“It’s a very, very complex subject,” he says. “And one day someone said to me, and it was a Spanish guy, ‘The only way you’ll ever understand this is by getting in touch with the community that actually runs it.'”
Bryant is now deeply entrenched in that community and has made it his mission to show real flamenco to those who come to the region. It’s an art, he says, that the public must tune in to fully understand. That way, he says, they can feel the duende.
“The duende is like the wind. You can feel it and feel it, but you can’t touch it and you can’t see it,” he explains. “It’s so fascinating – once it comes out you know it. I think a lot of people miss it. It’s like anything, if you go to the opera and you really don’t understand opera, you might be missing the best part of it.” But with flamenco, if you’re attuned to what they’re doing, how they’re performing, you can feel it. It almost smothers you, and it goes really fast.”
It is not, he says, a spiritual thing conjured up out of thin air, but rather an emotion created by the interaction between dancer and guitarist. Either way, it’s something only those looking for authentic flamenco can experience. Another reason to go beyond the in-house entertainment offerings and look for something a little more local.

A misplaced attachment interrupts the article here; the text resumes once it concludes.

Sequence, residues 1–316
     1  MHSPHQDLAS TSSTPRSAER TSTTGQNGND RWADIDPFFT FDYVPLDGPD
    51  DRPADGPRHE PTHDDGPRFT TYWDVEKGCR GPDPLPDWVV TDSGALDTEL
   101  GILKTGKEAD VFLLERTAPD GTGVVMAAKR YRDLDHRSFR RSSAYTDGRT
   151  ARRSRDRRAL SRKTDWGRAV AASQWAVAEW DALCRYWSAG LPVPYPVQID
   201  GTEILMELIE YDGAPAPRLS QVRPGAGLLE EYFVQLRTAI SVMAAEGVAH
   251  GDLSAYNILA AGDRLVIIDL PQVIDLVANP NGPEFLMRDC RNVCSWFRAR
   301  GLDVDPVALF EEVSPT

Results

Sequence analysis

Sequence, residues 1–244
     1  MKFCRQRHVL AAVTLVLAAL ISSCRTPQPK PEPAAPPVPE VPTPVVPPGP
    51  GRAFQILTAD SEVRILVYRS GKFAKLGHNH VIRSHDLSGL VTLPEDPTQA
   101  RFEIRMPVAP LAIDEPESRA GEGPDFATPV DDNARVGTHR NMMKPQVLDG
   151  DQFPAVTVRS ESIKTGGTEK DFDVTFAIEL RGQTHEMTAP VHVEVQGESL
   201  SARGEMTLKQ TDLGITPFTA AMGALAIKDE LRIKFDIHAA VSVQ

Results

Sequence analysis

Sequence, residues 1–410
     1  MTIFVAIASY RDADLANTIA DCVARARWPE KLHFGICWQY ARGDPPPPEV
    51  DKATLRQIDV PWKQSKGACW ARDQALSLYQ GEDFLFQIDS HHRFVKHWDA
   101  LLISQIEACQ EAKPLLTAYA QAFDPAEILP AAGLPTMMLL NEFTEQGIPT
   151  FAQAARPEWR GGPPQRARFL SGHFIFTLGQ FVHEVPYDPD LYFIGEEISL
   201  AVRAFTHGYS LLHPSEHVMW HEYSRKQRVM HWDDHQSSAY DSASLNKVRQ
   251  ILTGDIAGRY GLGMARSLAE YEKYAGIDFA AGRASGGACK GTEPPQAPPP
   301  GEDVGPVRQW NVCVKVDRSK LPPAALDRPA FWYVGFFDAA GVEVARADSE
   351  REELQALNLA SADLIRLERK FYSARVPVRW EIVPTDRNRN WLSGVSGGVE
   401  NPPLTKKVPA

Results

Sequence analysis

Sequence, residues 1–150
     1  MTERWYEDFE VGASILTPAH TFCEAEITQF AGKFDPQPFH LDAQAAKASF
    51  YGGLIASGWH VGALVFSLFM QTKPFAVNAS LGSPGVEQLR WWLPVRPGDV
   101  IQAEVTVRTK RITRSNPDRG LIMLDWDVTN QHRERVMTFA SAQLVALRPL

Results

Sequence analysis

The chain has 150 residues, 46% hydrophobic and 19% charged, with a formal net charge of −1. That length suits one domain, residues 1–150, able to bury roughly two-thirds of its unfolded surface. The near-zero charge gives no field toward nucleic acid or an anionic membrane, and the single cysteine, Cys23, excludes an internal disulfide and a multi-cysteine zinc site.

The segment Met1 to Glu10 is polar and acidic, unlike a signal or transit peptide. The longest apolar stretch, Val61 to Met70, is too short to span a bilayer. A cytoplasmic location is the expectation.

An artist’s paradise
Visit the museum dedicated to Spain’s “artistic gift to the world”.
This urge to look beyond the bars and hotels of the beach has begun to take tourists to the mountains that tower above the resorts, to places like Mijas. This sleepy village, which has struggled this year due to the lack of tourists, has become a haven for those looking to create something beautiful and take some time off during their vacation. It’s as far as you can get from the bucket and spade tourism the region is known for.
Mijas’ art workshops allow visitors to paint ceramic tiles and express their creative side in the most spectacular of settings. It is these kinds of activities that have made the Costa del Sol diversify, even before the pandemic, to cater to those looking for something other than a week on a sun lounger.
But while amateur artists can take the 20km drive from the seaside town of Fuengirola, those who prefer to see the finished product will find plenty to love in the area’s main town, Malaga. For many years this was just the place where planes from all over Europe landed for many, before buses took them to their hotels and away from one of the most culturally significant places in Spain.
Malaga, like the Marbella Club or the bars and restaurants of Fuengirola, speaks of why the Costa del Sol still draws crowds and no doubt will continue to do so when the pandemic eventually fades.
Simply put, there’s something for everyone — from the bucket and spade brigade, who hit the beach for two weeks, to the faded aristocracy and nouveau riche who can’t get enough of Marbella. The Spaniards also like to come here and experience a different side of their country. It’s real, as David Gomez Garcia says, inclusive. Everyone is welcome.